Hey, all you fun lovin’ Boomer Gals and Boomer Guys, I wanted to give you a taste of history this Thanksgiving, with special mention to the lovely lady who kept the Thanksgiving Holiday tradition going (you have to read this entire blog to find out)…
This past month has been the launch of BoomerGal, and as with any new venture, there have been a few glitches, none being insurmountable, however. As we move into December I’m going to shake up our blog posts with lighter content, more helpful ‘how to’ decorating hints, and health and wellness inspiration, including some diet tips which we will all need after going into turkey and all-day football comatose.
Follow us as we travel back down the road to the First Thanksgiving. Share this bit of history with your friends, family and neighbors, and reflect on your own history and memories of days gone by.
All of us growing up in the 50’s and 60’s were told in school that the first Pilgrims had buckles on their shoes and hats, and had great feasts with the early Native Americans. While some of this might be true, the true history and accounting of the first Thanksgiving is largely a mystery. However, a few scholars have some ideas about what exactly went on during the feast of 1621. So, sit back and enjoy the celebration of Thanksgiving.
When the Pilgrims set sail for the new world the common belief was they were searching for religious freedom, but that was only partially true. After exploring other countries such as Holland where certain religious freedoms were extended, they soon discovered the Dutch and other culture’s craft guilds excluded foreigners, making it virtually impossible for them to make any real money. So they decided to head to America where they could both make money and enjoy religious freedom.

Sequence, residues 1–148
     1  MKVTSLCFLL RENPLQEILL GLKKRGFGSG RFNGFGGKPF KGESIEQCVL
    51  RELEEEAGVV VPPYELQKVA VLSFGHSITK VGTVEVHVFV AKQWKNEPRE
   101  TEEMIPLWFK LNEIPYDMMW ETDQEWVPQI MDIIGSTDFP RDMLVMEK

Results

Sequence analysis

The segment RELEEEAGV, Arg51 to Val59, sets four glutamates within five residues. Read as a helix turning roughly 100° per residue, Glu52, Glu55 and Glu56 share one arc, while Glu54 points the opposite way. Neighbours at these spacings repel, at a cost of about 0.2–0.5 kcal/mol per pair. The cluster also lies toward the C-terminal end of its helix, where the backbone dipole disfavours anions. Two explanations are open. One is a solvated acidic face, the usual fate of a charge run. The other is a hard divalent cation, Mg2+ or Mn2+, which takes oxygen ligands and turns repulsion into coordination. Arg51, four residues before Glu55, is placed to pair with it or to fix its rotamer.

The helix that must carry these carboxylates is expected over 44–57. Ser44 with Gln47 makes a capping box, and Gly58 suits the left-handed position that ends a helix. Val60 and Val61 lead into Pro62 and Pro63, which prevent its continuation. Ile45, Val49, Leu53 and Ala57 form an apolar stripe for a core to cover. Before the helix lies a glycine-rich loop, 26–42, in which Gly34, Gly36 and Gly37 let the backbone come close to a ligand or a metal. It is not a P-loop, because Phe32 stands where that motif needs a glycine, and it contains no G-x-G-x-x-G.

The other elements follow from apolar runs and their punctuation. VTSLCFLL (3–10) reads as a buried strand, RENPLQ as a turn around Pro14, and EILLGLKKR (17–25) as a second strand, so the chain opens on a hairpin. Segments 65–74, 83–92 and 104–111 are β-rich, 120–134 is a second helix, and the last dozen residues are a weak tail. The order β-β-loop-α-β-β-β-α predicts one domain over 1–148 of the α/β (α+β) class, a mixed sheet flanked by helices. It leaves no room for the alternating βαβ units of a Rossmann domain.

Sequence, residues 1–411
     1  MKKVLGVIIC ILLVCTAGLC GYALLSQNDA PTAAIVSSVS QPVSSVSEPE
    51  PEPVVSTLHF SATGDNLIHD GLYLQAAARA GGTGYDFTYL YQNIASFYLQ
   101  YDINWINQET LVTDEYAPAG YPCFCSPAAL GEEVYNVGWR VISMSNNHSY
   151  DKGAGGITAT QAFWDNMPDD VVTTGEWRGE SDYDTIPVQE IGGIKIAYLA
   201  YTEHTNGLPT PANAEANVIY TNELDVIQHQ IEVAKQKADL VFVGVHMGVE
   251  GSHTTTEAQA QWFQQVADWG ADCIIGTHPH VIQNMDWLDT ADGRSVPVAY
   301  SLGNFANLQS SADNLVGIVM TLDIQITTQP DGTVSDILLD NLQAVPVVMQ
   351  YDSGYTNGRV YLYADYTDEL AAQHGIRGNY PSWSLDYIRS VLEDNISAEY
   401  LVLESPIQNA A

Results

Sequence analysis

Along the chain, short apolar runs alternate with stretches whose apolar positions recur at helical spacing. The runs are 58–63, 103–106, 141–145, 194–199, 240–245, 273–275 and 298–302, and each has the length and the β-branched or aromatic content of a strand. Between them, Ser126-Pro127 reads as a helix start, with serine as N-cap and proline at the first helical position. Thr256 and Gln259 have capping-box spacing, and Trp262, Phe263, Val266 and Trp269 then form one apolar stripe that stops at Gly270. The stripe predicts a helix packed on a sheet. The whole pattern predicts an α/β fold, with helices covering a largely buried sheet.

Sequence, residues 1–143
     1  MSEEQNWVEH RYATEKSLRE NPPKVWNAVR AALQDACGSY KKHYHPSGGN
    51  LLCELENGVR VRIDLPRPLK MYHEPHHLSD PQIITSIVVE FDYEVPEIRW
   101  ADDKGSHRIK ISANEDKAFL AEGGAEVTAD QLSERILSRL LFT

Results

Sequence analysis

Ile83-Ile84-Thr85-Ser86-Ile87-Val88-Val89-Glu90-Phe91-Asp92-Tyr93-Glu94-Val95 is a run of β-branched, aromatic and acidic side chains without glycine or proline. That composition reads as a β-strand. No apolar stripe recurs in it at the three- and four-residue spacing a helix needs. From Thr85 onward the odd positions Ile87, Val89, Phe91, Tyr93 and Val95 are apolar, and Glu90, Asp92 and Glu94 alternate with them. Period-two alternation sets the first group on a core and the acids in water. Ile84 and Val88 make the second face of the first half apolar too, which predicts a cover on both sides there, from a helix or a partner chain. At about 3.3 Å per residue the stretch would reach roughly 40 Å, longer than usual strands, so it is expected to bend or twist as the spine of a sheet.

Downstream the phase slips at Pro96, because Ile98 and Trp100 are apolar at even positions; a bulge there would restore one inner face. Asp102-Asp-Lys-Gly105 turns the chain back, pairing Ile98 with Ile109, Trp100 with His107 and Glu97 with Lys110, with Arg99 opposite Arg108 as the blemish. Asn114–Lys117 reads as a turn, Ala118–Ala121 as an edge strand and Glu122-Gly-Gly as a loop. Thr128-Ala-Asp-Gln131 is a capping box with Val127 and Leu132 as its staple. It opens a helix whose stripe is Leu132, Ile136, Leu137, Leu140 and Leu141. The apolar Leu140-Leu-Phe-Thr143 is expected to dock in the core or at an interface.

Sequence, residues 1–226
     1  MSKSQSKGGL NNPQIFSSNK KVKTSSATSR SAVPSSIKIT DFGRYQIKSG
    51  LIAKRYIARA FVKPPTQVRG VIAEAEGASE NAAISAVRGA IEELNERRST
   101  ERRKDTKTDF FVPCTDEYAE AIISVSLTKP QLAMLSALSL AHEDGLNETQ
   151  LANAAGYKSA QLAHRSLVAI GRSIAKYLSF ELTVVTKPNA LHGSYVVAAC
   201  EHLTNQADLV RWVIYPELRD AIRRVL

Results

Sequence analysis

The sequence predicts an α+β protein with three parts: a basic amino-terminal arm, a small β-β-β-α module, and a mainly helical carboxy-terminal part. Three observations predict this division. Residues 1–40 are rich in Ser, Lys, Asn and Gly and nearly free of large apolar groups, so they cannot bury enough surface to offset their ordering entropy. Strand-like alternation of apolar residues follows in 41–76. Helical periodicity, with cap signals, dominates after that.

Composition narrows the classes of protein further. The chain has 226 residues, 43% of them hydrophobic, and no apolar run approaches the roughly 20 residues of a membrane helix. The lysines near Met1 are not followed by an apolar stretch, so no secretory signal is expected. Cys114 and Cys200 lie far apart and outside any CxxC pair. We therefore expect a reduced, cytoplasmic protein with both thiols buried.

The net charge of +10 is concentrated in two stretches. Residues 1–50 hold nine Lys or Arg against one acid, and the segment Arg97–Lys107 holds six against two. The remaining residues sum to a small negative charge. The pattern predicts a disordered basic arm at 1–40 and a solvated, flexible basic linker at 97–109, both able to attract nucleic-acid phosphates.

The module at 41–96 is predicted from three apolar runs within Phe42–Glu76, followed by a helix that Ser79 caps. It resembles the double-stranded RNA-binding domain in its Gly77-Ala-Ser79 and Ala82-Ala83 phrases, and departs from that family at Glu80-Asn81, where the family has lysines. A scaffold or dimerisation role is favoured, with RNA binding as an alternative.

In 1620 two ships called the Mayflower and the Speedwell began their long voyage across the Atlantic. 40 Pilgrims were joined by 62 secular colonists also headed to the new world until the Speedwell developed a leak and both ships had to turn back. All 102 passengers along with their belongings then crammed onto the Mayflower and set sail once again, unfortunately during the prime storm season. The ship finally made ground after a treacherous 66 days at sea, with surprisingly only one fatality. They were aiming to make port in Virginia where they were promised a tract of land for a plantation. They missed, and landed in modern-day Massachusetts where they named the new colony Plymouth, after the English port from which they sailed.
The new land was soaring and fertile, however, the Pilgrims spent the first winter on board the Mayflower, where they lost almost half the colonists due to the tight quarters and a harsh New England winter. Once spring arrived, only 53 colonists and half the crew remained. Women were the hardest hit, and so it is told only five survived the first winter.
Once winter was over, the colonists left the ship, and the Mayflower began its journey back to England in April 1621. The Pilgrims started to build their colony with the help of a local Native American tribe call the Wampanoag. They taught the settlers how to farm, fish and hunt in their new home.
With the help from the Native Americans, the Pilgrims harvested plenty of food over the summer and fall to keep them well-stocked for the upcoming winter. In England, there’s a tradition called the Harvest Festival that’s celebrated at the end of the harvest season. It’s intended both to give thanks for what you have and to share with those who have less. In 1621, after over a year of hardship and loss, the Pilgrims finally felt like they had something to celebrate.
There was a three-day feast at which both Native Americans and Pilgrims came together to enjoy the successful harvest season. It’s unclear whether the Wampanoag were actually invited to the celebration. Either way, roughly 90 Native Americans showed up. There were almost twice as many natives as there were Pilgrims at the first Thanksgiving.